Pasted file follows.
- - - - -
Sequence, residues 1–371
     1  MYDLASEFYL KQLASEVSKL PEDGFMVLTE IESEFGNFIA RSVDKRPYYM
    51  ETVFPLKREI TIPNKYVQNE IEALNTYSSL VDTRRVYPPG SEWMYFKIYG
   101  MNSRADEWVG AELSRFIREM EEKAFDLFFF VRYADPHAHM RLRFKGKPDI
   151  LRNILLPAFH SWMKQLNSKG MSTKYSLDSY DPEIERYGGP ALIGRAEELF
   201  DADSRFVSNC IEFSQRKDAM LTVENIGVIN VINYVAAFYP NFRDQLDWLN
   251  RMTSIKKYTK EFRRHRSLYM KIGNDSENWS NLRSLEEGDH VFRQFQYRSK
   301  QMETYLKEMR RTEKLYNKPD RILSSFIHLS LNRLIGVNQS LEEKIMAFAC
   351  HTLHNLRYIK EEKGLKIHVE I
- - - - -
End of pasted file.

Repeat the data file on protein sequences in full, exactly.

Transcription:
Sequence, residues 1–371
     1  MYDLASEFYL KQLASEVSKL PEDGFMVLTE IESEFGNFIA RSVDKRPYYM
    51  ETVFPLKREI TIPNKYVQNE IEALNTYSSL VDTRRVYPPG SEWMYFKIYG
   101  MNSRADEWVG AELSRFIREM EEKAFDLFFF VRYADPHAHM RLRFKGKPDI
   151  LRNILLPAFH SWMKQLNSKG MSTKYSLDSY DPEIERYGGP ALIGRAEELF
   201  DADSRFVSNC IEFSQRKDAM LTVENIGVIN VINYVAAFYP NFRDQLDWLN
   251  RMTSIKKYTK EFRRHRSLYM KIGNDSENWS NLRSLEEGDH VFRQFQYRSK
   301  QMETYLKEMR RTEKLYNKPD RILSSFIHLS LNRLIGVNQS LEEKIMAFAC
   351  HTLHNLRYIK EEKGLKIHVE I